James A. Wade, farmer, Hillsboro, second child of Benjamin and Nancy (Rivers) Wade, was born in Marion county, Kentucky, June 21, 1825. The family arrived here in September 1828, and improved a farm on the N. W. 1/4 Sec. 32, T. 20, R. 6. His father died in 1838, and his mother married Edward J. McBroom, and died in January 1842. Mr. Wade was married April 20, 1845, to Nancy Ann McBroom, who was born December 25, 1826. They have seven children living and three dead, as follows: Beninah, born July 31, 1846, wife of Dickison Riley; Nancy Jane, March 27, 1849, died September 7, 1852; William Truman, March 28, 1851, died May 18, 1851; Benjamin F., April 5, 1852, married Rhoda Cecil; Henry W., Jane 18, 1854, married Martha Murray; James B., August 9, 1867, married Emma E. Cecil; John M., May 22,1860, died May 25, 1860; Harriet Elizabeth, August 15, 1861, wife of John S. Stockdale; Mary E., November 16, 1865; and Charles Carroll, August 2, 1867. Unlike the majority of men, Mr. Wade has always had a disinclination to office holding, for, though he has been offered township offices and urged to accept them, he has uniformly refused. He and his wife have held communion in the Disciple church forty years. He has traveled with the Masonic fraternity at Pleasant Hill the last twelve years. His farm of 814 acres is beautifully located on the south side of Richland township, within easy drive of Hillsboro, and is one of the best in this region of country. He is steadfastly anchored to democratic principles.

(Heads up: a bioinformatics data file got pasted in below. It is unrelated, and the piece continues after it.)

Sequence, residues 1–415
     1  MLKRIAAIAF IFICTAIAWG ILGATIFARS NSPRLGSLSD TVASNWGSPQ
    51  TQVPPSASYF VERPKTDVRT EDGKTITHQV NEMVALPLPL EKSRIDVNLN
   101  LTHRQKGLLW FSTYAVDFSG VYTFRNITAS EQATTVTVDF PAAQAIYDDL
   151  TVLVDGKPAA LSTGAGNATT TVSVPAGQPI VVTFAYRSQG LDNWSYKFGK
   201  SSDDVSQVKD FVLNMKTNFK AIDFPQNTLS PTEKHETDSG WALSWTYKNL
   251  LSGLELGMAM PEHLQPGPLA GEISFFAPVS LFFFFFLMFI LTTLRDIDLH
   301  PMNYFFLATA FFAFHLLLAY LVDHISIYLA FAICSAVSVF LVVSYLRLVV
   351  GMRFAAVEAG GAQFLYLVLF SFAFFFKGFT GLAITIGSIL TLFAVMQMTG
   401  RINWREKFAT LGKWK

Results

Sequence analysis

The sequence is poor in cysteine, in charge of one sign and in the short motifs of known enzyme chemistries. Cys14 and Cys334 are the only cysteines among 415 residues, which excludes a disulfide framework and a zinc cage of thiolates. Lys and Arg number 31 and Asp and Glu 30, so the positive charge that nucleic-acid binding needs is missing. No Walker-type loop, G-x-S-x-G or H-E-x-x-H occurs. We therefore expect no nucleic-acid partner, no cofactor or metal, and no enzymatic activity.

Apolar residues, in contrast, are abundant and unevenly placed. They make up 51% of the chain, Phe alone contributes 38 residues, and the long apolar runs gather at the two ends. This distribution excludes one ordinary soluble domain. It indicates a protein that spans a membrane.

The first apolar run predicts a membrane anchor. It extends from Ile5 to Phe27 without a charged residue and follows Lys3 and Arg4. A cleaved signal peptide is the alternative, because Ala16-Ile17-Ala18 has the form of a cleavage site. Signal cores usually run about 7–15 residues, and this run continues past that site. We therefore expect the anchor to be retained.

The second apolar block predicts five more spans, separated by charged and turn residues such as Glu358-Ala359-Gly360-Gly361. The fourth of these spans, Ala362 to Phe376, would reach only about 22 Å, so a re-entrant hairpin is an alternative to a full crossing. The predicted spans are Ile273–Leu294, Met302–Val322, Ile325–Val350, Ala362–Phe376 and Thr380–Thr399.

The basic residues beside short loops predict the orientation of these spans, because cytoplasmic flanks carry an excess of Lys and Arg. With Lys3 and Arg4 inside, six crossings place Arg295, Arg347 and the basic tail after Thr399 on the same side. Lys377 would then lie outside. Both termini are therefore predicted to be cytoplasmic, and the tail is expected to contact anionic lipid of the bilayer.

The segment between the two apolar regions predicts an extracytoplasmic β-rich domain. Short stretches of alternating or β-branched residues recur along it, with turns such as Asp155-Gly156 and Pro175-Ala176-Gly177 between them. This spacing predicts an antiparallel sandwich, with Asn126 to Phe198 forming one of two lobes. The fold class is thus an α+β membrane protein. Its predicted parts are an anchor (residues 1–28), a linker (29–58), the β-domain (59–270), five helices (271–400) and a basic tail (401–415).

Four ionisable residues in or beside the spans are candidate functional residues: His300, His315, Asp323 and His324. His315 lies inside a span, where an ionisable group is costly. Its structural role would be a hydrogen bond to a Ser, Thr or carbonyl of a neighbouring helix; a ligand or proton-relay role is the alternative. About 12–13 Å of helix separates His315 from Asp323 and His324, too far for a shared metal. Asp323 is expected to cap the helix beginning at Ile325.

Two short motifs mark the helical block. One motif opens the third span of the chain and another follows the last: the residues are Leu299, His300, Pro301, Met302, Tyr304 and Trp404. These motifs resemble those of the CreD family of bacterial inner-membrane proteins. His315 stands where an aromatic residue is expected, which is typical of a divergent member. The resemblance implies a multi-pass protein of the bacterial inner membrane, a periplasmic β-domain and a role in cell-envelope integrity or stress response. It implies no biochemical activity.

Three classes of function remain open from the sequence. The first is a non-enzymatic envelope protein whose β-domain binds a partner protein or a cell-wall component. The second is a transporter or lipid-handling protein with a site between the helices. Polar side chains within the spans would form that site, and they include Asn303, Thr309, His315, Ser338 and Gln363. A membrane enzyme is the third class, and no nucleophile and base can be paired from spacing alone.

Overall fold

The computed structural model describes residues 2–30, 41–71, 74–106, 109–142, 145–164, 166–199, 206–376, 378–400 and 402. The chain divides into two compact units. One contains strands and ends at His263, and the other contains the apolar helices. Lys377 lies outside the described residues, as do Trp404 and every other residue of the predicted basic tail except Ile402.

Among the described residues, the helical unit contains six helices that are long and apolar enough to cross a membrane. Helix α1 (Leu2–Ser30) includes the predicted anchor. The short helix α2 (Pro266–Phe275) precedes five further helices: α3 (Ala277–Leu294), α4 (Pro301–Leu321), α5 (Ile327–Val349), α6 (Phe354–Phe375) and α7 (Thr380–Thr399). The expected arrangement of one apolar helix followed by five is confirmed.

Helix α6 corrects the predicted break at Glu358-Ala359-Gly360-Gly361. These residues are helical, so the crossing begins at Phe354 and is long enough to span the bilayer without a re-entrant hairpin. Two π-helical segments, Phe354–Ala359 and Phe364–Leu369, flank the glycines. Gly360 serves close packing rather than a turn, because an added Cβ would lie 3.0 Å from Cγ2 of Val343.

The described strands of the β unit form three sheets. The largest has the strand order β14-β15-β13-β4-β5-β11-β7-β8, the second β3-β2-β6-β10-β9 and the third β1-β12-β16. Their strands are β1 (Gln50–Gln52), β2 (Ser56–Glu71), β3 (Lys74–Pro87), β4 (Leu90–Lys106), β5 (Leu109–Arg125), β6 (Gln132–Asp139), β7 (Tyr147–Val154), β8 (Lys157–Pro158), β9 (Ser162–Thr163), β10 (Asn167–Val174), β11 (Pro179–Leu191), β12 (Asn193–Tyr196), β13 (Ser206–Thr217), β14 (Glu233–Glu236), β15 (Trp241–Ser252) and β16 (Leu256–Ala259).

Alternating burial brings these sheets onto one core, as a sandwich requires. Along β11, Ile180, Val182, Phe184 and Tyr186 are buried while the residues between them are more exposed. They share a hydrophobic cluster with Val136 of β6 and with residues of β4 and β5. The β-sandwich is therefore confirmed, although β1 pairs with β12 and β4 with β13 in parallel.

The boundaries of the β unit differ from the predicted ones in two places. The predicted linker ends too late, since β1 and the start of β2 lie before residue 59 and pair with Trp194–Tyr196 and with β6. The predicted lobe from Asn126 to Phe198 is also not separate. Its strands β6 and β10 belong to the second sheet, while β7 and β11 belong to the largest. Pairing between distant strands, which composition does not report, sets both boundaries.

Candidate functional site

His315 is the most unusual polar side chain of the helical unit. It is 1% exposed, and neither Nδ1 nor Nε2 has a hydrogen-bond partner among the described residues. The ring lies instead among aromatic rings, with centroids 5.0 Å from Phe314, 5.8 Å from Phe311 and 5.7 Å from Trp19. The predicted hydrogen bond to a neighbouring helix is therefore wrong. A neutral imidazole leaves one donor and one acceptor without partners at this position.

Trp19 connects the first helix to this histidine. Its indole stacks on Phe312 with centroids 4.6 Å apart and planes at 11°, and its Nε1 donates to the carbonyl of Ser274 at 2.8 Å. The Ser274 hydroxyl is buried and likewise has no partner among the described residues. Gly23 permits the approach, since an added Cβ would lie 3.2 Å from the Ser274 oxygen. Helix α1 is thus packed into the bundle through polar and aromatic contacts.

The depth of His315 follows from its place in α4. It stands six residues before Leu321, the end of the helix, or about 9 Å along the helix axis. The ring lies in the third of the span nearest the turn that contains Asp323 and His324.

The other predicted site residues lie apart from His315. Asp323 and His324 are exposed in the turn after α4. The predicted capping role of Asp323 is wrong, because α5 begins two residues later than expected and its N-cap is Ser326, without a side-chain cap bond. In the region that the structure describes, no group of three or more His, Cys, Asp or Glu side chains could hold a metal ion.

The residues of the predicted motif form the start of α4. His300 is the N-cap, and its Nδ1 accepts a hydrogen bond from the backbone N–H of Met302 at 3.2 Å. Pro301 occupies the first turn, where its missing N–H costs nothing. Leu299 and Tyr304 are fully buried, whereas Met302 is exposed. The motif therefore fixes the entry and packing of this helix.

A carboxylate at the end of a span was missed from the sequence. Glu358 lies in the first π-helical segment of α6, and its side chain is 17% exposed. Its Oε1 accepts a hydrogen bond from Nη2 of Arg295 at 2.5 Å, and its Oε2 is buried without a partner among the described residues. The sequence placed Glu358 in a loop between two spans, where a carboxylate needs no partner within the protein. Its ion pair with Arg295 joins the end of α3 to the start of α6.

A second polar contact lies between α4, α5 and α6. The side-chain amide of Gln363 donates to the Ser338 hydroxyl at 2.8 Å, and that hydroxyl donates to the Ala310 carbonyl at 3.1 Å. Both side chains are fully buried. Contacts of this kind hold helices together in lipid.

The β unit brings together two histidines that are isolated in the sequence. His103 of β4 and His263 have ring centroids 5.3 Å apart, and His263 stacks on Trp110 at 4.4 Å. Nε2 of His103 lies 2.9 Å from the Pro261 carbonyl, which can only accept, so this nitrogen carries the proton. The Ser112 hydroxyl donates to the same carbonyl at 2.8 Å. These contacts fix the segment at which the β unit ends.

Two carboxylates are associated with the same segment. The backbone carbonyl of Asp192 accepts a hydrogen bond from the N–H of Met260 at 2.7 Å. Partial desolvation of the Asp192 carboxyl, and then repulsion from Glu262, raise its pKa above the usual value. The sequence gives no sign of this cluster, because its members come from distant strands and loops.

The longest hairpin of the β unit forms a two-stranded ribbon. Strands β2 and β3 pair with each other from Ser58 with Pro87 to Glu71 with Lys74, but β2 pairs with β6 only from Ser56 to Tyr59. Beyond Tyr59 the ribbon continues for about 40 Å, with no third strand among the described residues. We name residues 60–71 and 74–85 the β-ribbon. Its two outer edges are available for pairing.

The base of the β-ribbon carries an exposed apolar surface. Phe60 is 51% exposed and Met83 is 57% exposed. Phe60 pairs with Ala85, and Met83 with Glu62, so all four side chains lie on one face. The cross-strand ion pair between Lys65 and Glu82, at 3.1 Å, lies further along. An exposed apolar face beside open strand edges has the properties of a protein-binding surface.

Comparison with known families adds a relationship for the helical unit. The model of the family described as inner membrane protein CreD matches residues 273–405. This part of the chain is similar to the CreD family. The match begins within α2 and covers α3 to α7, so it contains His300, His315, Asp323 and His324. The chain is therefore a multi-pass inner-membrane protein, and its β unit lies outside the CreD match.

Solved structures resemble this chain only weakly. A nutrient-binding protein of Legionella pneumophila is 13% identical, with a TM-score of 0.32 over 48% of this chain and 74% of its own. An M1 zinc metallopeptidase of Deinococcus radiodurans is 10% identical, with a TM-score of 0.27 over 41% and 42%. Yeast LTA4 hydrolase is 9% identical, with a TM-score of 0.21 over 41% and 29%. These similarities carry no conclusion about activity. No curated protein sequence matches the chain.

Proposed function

History of Fountain County, Indiana
by H. W. Beckwith
Published by H. H. Hill and N. Iddings, Chicago, in 1881
Richland Township - Biographical


Deb Murray